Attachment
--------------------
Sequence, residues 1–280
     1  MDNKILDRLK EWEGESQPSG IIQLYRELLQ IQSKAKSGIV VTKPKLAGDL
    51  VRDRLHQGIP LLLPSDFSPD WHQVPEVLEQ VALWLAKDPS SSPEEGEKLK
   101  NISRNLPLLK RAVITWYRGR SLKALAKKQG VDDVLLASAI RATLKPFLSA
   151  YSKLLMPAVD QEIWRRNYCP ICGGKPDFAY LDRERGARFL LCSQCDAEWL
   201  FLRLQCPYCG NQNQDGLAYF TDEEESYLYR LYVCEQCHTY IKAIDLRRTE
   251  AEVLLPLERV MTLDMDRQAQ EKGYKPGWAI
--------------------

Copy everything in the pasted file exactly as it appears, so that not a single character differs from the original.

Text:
Sequence, residues 1–280
     1  MDNKILDRLK EWEGESQPSG IIQLYRELLQ IQSKAKSGIV VTKPKLAGDL
    51  VRDRLHQGIP LLLPSDFSPD WHQVPEVLEQ VALWLAKDPS SSPEEGEKLK
   101  NISRNLPLLK RAVITWYRGR SLKALAKKQG VDDVLLASAI RATLKPFLSA
   151  YSKLLMPAVD QEIWRRNYCP ICGGKPDFAY LDRERGARFL LCSQCDAEWL
   201  FLRLQCPYCG NQNQDGLAYF TDEEESYLYR LYVCEQCHTY IKAIDLRRTE
   251  AEVLLPLERV MTLDMDRQAQ EKGYKPGWAI